An Open Letter to the Parent of a Covertly Special Needs Child

The mom of a 6-year-old with epilepsy who doesn't "look like" he has special needs shares her wisdom for other parents in a similar situation.

Stephanie Morrill and Connor Laying In Hospital Courtesy of Stephanie Morrill
The first time I noticed this unique parenting situation—having a child with special needs who doesn't look like they have special needs—I was 22 and married, but had no kids of my own.

I was traveling with an older colleague, and she told me about her 12-year-old grandson who had Down syndrome. When she proudly showed me a picture of all three of her grandkids, I observed that he looked like a regular 12-year-old boy. She laughed wryly and said, "Sometimes we wish he looked like he had Down's, because it can get awkward in social situations."

Years later, when I started my journey as a parent of a child with epilepsy, I finally knew what she meant. So many times in the last few years, I've wished that I could stick a label to my 6-year-old's forehead that says, "I have epilepsy." Sometimes to protect him, but many more times out of desperation to protect my own parental pride.

I'm only hovering beneath my son on the playground because I'm afraid he's going to have a seizure, I've wanted to say to complete strangers at the park. It's not because I'm overprotective.

Maybe your child has food allergies, and you're the parent who's reading every cracker box at a party to make sure no tree nuts have found their way onto the buffet table. Or maybe your child is on medication that makes him or her act angry, moody, or flighty. How do you discipline a child for acting out when you know it may not really be within her control?

I've been parenting a covertly special needs child for almost four years now, and here are a few words of encouragement that I wish someone had whispered to me when my journey started:

1. Don't hesitate to ask for what your child needs. Most people are happy to accommodate.

Some parents have no trouble embracing that they are the No. 1 advocate for their child, but others, like me, struggle.

Expressing needs can be an uncomfortable thing, whether it's telling the preschool director, "This is what my child needs so that he is safe at school," or talking to the manager of your favorite restaurant to explain why the kitchen needs to prepare your child's meal separately. But it's so important.

While I don't need to explain my son's specific situation to everyone, it's important that those in his community know what's up. Connor is in kindergarten now, and every time he gets invited to a birthday party, I have to have a conversation with the parents about how he can come, but I'll be staying at the party, and I need to bring his food because he's on the Ketogenic diet to control his epilepsy.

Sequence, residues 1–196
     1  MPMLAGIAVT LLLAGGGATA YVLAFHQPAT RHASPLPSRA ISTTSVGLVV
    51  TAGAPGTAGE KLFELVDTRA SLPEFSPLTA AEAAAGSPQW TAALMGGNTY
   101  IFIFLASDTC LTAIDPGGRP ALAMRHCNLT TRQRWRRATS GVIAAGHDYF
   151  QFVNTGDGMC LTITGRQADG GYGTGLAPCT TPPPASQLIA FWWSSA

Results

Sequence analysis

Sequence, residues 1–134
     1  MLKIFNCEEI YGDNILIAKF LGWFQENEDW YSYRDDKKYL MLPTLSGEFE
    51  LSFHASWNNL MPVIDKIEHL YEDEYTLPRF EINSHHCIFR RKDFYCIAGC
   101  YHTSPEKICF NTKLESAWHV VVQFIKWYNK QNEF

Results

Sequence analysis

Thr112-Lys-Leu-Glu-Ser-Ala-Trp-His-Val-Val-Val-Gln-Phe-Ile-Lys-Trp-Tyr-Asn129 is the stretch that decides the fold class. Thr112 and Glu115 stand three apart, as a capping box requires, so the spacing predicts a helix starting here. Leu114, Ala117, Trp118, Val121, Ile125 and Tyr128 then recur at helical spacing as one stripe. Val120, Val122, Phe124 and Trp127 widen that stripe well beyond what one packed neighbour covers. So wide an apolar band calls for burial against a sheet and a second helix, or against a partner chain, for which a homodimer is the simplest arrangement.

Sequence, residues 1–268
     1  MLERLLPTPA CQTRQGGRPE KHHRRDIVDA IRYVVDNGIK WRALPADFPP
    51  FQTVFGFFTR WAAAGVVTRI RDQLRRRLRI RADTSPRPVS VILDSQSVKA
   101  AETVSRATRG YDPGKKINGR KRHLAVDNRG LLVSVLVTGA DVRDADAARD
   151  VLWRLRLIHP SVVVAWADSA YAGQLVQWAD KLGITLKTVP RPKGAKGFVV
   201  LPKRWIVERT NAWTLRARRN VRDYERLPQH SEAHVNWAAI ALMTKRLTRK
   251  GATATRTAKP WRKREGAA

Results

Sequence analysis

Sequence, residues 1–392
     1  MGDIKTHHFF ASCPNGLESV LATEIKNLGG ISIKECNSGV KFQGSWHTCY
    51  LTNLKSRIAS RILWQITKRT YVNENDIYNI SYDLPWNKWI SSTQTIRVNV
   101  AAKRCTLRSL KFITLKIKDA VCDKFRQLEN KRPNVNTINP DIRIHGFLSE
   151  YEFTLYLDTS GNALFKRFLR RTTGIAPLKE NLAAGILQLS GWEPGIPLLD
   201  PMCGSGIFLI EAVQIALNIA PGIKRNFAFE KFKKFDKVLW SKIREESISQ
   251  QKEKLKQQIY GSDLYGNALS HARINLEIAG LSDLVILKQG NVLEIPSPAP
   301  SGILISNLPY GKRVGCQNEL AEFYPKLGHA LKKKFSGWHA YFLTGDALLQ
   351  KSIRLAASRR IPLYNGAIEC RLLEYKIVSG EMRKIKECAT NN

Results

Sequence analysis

I've had so many sweet parents offer to plan party food that Connor can eat, not understanding how specific his medical diet is to him. Most people are really thoughtful about it, and will take it upon themselves to pack him a special food-free favor bag.

2. As much as your child is able, empower him to take responsibility for his health.

When Connor was 3 and on a variety of anti-seizure meds, it was of course up to my husband and me to make sure he was getting the medicine he needed.

But when he started the Ketogenic diet, and I knew he was going to be on it for at least two years (and likely longer), I realized he needed to know how to voice his own needs.

At his preschool, the classes were small enough that the teachers could obsessively watch him and be sure he was safe. Soon, however, he would go to a large elementary school. He needed to know that he couldn't touch Play-Doh without gloves, use hand sanitizer (too many carbs), or accept even sugarless candy.

I cannot be with Connor all the time, just like you can't be with your child all the time. While you must consider your child's age and abilities, teach him as much as possible about the unique care his body needs.

3. Your child's need is an opportunity to beautify and diversify your community.

The most common response I get when I explain Connor's high-fat, low-carb, minimal protein diet is, "A diet that's high-fat? Sounds like the kind of diet I want to be on!"

I know people are just trying to be encouraging, but this comment minimizes the work that Connor does every day to stay healthy. I don't know a single person who would really enjoy drinking heavy cream with every meal, never getting to order off a menu at a restaurant, and having to miss out on every dessert.

Every. Dessert.

People probably said stupid stuff to my friend about her grandson who had Down's Syndrome but didn't look like it. Heck, I know that I've said stupid stuff to people that belittles their struggle.

The many people whom I've said stupid stuff to showed kindness to me with gentle correction, or no correction at all, and I try to offer the same thing to those who unintentionally hurt me with their misunderstanding.

I also try to use everyday conversations, social media, and the novels I write to educate those around me about the struggles and successes of Connor's journey with epilepsy. Connor's special need is teaching my family to be kinder, more loving, and more inclusive of those who have bodies with different needs and abilities than our own. And we could all use more of that in our communities.

Stephanie Morrill lives in Overland Park, Kansas, with her husband and three kids. She is the author of The Lost Girl of Astor Street, The Reinvention of Skylar Hoyt series, Go Teen Writers: How to Turn Your First Draft Into a Published Book, and the Ellie Sweet series. She enjoys encouraging and teaching teen writers on her blog, GoTeenWriters.com. To connect with Stephanie and read samples of her books, check out StephanieMorrill.com.